It was a clear spring day in 1854 when the waters of Lake Ontario suddenly and mysteriously receded 500 feet from the shoreline near Niagara-on-the-Lake, and for a few peaceful moments, an expansive beach stretched across the peninsula. But the calm was soon interrupted by a distant, brooding roar from within the lake, followed by a 2.5-metre swell that swept the shore. The torrent uprooted trees, washed out the beach and claimed the lives of two fishermen.
At the time, locals and scientists would have blamed the event on a rogue wave—a large, sudden and seemingly unpredictable surface wave that wreaks havoc on and near the water where it breaks. It was only about 10 years ago that scientists learned that several inexplicable surges like the one at Niagara-on-the-Lake were likely not rogue waves at all, but tsunamis.
According to Eric Anderson, a Michigan-based oceanographer with the National Oceanic and Atmospheric Association (NOAA), there are about 100 tsunamis—a conservative estimate—in the Great Lakes every year. While that may sound like a lot of activity, Anderson assures that many “meteotsunamis,” as they’re called, only reach a few centimetres high and tend to go unnoticed by anyone on the water. Other times, however, the waves can be metres high and fatal. For that reason, Anderson and fellow scientists are meeting in Ann Arbor, Mich., this week to hash out a plan to develop a meteotsunami warning system for the Great Lakes. We called Anderson during a break at the conference to discuss what causes the little-known lake tsunami and how climate change could make them worse.
Q: I’ll admit, I didn’t realize tsunamis happened in the Great Lakes, let alone 100 or more a year. Can you tell me how these meteotsunamis happen and how they’re different from the kind that occur in the ocean?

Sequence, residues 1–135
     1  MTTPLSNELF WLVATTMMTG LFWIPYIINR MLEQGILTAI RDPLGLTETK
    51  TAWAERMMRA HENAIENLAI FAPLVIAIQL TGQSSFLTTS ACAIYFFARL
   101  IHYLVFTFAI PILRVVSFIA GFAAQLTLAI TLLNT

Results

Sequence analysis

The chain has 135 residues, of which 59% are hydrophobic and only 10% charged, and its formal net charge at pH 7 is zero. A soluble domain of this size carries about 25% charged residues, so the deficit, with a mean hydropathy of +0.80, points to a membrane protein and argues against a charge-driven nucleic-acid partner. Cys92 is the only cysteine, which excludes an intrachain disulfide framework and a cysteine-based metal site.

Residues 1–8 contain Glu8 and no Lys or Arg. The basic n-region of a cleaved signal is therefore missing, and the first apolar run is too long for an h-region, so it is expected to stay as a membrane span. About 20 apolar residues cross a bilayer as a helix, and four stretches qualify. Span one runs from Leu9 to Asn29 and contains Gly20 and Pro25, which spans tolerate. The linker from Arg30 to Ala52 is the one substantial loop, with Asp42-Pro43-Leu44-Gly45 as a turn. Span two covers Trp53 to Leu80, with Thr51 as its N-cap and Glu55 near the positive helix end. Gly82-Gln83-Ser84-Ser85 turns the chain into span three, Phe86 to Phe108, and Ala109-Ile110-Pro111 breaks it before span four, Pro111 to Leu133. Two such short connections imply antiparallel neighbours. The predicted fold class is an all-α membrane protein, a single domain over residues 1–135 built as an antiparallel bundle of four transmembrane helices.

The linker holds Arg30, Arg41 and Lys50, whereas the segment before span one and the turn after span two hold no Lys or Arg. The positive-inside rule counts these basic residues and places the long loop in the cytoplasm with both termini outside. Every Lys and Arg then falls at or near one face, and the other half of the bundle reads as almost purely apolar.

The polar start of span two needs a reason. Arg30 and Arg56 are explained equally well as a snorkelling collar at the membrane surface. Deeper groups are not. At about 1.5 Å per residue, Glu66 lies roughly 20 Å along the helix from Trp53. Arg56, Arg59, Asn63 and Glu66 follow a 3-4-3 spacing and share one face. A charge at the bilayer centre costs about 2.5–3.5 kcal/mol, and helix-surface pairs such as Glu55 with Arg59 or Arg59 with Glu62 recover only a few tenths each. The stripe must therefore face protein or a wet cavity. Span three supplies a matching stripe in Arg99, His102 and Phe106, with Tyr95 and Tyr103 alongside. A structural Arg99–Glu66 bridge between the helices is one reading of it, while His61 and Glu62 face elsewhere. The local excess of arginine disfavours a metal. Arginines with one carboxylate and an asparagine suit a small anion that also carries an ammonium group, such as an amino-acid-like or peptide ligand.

A: The tsunami we’re more familiar with, technically a seismic tsunami, is typically driven by an earthquake in the ocean, or sometimes a landform that’s eroded from a cliff and falls into the water. Either one of those creates a change in the [ocean floor] which creates a wave, and then propagates from that point towards the coastlines. Meteotsunamis on the other hand are driven not by an earthquake, but by the weather. That’s the meteo part: it’s a meteorologically driven tsunami. In this case, it’s caused by atmospheric disturbances that have big changes in pressure and big changes in wind. Those conditions create a wave on the lakes that then moves much like a [seismic] tsunami wave once it’s created, even though the thing that initiates it is different.
Q: I think a lot of people associate tsunamis with danger or the threat of catastrophe. Do meteotsunamis pose a threat to our safety or environment?
A: They certainly can be dangerous, but for the most part they go undetected. In our research, we’ve gone back and looked at water level records around the Great Lakes over the last 20 years, and we can see that we get about 100 meteotsunamis per year. That may sound like quite a lot, but as far as noticeable ones go, where there was impacts to swimmers or boaters, we’re talking about a meteotsunami more like every five to 10 years.
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Q: What kind of conditions influence the severity of the tsunami?
A: A lot of it depends on the specifics of that storm. If you have a thunderstorm coming across the lake, it has to be coming at the right speed, the change in pressure and wind have to be just right, and it also has to sustain long enough on the lake to actually put some of that energy from the air into the water to create this wave. So you get waves of different sizes depending on how well those factors align. Sometimes you have a convective storm that’s just not quite right to create a meteotsunami, but it gets close, so you get a wave that’s maybe only a few centimetres tall and it doesn’t impact anybody. But if that storm was moving slightly faster or moving at slightly a different angle across the lake, it could generate a large meteotsunami. All those factors contribute to the variability between a negligible wave and something that’s disruptive or fatal. In Lake Michigan, there was a tsunami in 2003 where seven swimmers drowned because of it. In Lake Erie in 2012, there was a meteotsunami that generated about seven-foot waves that swamped a marina, capsized boats, and swept swimmers off the beach and into the lake about a half a mile.